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Re: Goodness of the power, residing in words

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  • louise
    ... And at this point I need to be my own sternest critic, since the speculation about just how great may science come to be is an example of being deceived
    Message 1 of 4 , Dec 23, 2009
      --- In existlist@yahoogroups.com, "louise" <hecubatoher@...> wrote:
      >
      > Mary,
      >
      > I am glad for your patience, and glad also for your opportunity to flee the winter awhile. What I am engaged in may indeed occupy a long period of time. Nietzsche defends the principle of causation in "The Antichrist" [49] insofar as he believes it to be under attack by the priesthood. It is a large question, just how great may science come to be. At present, the scientific consensus honours method and thoroughness of work, but tolerates principles of tyranny quite as depraved as anything practised by zealots of religion. It displays ultimately an absence of ambition. Existential philosophy occupies that territory, of the yearning for freedom, the care for knowledge on which a life may rely, whereas the most adventurous and brilliant achievements of current science remain within the parameters of social convention. It has to be that way, of course, it is history's unfolding, and pioneers in any case often have a hard enough battle demonstrating the new. I just believe in something more, and think it compatible with the particular liberations from authority that existing science has brought us over the centuries.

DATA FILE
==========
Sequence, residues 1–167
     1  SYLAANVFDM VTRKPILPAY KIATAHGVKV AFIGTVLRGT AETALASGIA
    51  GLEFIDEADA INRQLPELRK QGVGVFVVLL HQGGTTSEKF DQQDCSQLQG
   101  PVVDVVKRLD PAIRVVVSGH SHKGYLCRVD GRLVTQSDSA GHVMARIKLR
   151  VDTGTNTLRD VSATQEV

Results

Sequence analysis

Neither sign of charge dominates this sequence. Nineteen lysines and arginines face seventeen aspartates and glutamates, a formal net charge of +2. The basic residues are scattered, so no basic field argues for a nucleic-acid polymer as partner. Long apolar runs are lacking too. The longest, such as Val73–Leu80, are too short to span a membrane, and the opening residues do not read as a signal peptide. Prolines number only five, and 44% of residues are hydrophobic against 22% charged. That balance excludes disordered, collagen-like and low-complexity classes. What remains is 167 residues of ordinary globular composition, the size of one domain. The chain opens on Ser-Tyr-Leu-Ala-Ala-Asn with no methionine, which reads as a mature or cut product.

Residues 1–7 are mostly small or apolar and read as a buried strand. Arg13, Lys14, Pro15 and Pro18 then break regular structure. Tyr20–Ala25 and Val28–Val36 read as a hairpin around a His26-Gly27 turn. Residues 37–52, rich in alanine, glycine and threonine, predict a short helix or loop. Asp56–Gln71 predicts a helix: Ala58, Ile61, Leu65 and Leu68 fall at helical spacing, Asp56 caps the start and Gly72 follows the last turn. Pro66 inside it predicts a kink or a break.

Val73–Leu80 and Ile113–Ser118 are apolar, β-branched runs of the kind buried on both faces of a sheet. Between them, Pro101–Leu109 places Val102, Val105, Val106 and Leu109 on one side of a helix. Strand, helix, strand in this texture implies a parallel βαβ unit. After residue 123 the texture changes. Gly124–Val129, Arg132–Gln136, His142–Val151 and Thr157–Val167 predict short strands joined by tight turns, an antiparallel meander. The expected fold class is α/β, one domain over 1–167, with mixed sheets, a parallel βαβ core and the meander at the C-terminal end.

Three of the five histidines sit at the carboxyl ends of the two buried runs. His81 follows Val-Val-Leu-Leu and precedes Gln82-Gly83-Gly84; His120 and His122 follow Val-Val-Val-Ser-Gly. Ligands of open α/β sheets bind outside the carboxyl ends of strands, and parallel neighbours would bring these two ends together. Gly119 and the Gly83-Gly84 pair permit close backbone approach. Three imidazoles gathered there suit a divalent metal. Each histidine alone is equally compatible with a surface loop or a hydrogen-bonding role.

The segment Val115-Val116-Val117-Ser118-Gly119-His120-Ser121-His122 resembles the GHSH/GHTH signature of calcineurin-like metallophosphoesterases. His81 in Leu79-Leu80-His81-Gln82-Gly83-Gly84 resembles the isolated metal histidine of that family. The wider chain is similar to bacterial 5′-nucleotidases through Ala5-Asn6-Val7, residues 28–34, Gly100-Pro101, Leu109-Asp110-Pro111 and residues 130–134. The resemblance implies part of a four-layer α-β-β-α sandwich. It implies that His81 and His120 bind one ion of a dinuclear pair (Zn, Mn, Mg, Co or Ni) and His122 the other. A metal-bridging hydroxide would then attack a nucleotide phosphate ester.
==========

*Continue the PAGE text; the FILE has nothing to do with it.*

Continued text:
>
      > Louise
      And at this point I need to be my own sternest critic, since the speculation about 'just how great may science come to be' is an example of being deceived by my own imagination. I really do need a rest. The strain of trying to hold on to a singular vision is estranging me too far from commonality. L.

      >
      > --- In existlist@yahoogroups.com, "Mary" <josephson45r@> wrote:
      > >
      > > Louise,
      > >
      > > I've always considered the standard definition of cause to be sufficient, However, cause and effect do seem Möbius like, so I suppose this is adequate reason for reconsideration. We can never see or experience an entire interlocking chain of events. Yet the dynamic appears to be operative. I admit that science cannot address all our human needs, but Luddism would leave us without this curious medium.
      > >
      > > My admittedly meagre understanding of Nietzsche is that he analyzed will, morality, and causation. in order to excise them from their religious stricture and replant them in more fertile soil, the living, vibrant, human animal. I don't think he intended to destroy the value of reason or explanation, but I am patient enough to learn how the distinction between will and decision, or necessity and choice, affects us differently.
      > >
      > > Anyway...I was invited; and I accepted, so I'm off chasing the sun.
      > > Mary
      > >
      >
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